Just ask anyone who has lost or gained a significant amount of weight in a short period of time. Until they have maintained their new weight for a while, it’s a struggle to stay there. The body likes to maintain homeostasis because it’s safe. Hormone levels, blood pH, heart rate, blood pressure…all of these things are tightly controlled, and if they go too far in one direction or the other, we are in danger. Your body generally doesn’t like large weight fluctuations, either. If you try to get leaner than where your body is comfortable, it will fight back. We have a saying at my gym: ''If you don’t slow down, your body will slow you down.'' That’s what your body is doing if you are trying to get leaner and you start experiencing symptoms similar to what I listed.
4. It’s not normal, and it may not even be healthy to walk around shredded all the time.
My good friend Jen Comas Keck touched on this in her article, ''Looking Fit Doesn’t Necessarily Mean Being Healthy.'' If it were ''normal'' to walk around super lean all of the time, more people would be really lean. That’s kind of common sense, right? Not to beat a dead horse, but if you aren’t someone who runs lean naturally, trying to maintain extreme levels of leanness is not healthy.

It’s frustrating, because as I discussed in this article, with the surge in social media over the last several years, we have become bombarded with images of our favorite fitness professionals (each of us looking our very best, no doubt), but even worse are the ''fitspo'' (short for "fitness inspiration") posters. These are images of extremely lean women with motivational sayings like, ''Winners never take a day off!'' or, ''Train insane or remain the same.''

I’m sorry, what?  Never take a day off?  Train insane?  Umm, how about the importance of recovery?  How about intelligent training? (You can read more about the ''fitspo'' posters here.)These images give us a false sense of normalcy, and cause many of us to feel dissatisfied with our bodies because we are chasing unhealthy and unrealistic goals.
5. How lean do you want to be, and will you sacrifice what it takes to get there?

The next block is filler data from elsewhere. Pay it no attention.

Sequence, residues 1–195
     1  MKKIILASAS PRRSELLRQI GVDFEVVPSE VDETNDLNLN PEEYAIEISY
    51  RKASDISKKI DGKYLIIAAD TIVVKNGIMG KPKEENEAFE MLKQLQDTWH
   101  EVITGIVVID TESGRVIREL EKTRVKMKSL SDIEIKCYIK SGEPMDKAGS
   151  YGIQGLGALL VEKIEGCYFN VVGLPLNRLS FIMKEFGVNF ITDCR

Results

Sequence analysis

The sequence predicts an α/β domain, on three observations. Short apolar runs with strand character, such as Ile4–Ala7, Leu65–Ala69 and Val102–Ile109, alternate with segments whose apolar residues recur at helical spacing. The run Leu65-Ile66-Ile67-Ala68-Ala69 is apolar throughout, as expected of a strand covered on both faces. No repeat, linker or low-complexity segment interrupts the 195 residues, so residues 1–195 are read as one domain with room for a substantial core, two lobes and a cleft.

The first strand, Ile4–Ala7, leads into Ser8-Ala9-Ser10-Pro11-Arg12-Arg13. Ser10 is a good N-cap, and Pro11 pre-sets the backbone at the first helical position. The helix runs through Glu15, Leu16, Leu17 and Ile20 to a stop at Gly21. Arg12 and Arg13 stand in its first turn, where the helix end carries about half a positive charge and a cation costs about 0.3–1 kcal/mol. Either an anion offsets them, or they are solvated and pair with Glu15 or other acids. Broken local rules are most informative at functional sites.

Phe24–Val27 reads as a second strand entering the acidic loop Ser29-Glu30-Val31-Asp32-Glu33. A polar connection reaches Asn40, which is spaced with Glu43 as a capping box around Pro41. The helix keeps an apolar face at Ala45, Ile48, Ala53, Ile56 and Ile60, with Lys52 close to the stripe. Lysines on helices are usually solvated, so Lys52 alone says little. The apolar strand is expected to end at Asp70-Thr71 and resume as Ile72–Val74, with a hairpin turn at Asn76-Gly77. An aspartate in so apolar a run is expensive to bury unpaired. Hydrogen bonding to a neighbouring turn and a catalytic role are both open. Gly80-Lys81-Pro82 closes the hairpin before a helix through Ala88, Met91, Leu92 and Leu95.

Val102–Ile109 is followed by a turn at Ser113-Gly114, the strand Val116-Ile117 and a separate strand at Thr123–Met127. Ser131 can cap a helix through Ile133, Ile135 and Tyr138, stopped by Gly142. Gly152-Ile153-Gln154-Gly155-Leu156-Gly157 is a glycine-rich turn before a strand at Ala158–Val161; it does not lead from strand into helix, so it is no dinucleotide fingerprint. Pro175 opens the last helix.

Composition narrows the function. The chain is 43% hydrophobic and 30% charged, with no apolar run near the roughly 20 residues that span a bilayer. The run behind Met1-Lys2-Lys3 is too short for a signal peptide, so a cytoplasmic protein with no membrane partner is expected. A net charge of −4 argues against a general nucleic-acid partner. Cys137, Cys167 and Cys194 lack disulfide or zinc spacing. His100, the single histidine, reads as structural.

I realize that these are some very tricky questions I am posing. It’s hard to know how lean we want to get, because when we achieve that level of leanness, oftentimes it’s not enough. It’s the same with strength training. I thought that when I achieved a 135-pound bench, a 225-pound squat, and a 315-pound deadlift, I would be satisfied. Pfffft. Yeah, right. I’ve smoked each of those numbers and I am not even close to satisfied. Leanness can be the same way.
At one point, I thought this would satisfy me. I was dead wrong.

You don’t necessarily have to have a solid answer for these questions, but it is something to think about. As an example, there is a young woman who trains at my gym and she was a D1 college soccer player. She is naturally slim, athletic, and lean, but she had mentioned wanting to lose some fat in her lower body. Her diet is great, her training is great, and she takes good care of herself. All that being said, she does enjoy the occasional cupcake, beer, or glass of wine (or two).
We were discussing what it would take for her to get leaner, and after she told me about her diet and lifestyle, I saw no major red flags. I came to the conclusion that if she wanted to get leaner, she would need to get significantly stricter with her eating, or make other lifestyle sacrifices, so I asked if she was willing to do that. Was she willing to get a LOT more strict to possibly see some SMALL changes in her physique? Her answer was no. And THAT IS OK.
Know thyself, my friends. If you don’t want to make sacrifices (big or small) to change your body, then that is your prerogative. This woman has found the spot where her aesthetics, performance, health, and lifestyle intersect. Maybe none of them are exactly where she wants them to be, but she has found a solid balance. If you would prefer to be extremely lean, and it’s worth it to you to skip social events, get in bed by 9 p.m. every night, and train twice a day to get there, that’s fantastic. Do it. You are choosing aesthetics over lifestyle, and probably over performance and health, but if you want it, then do it.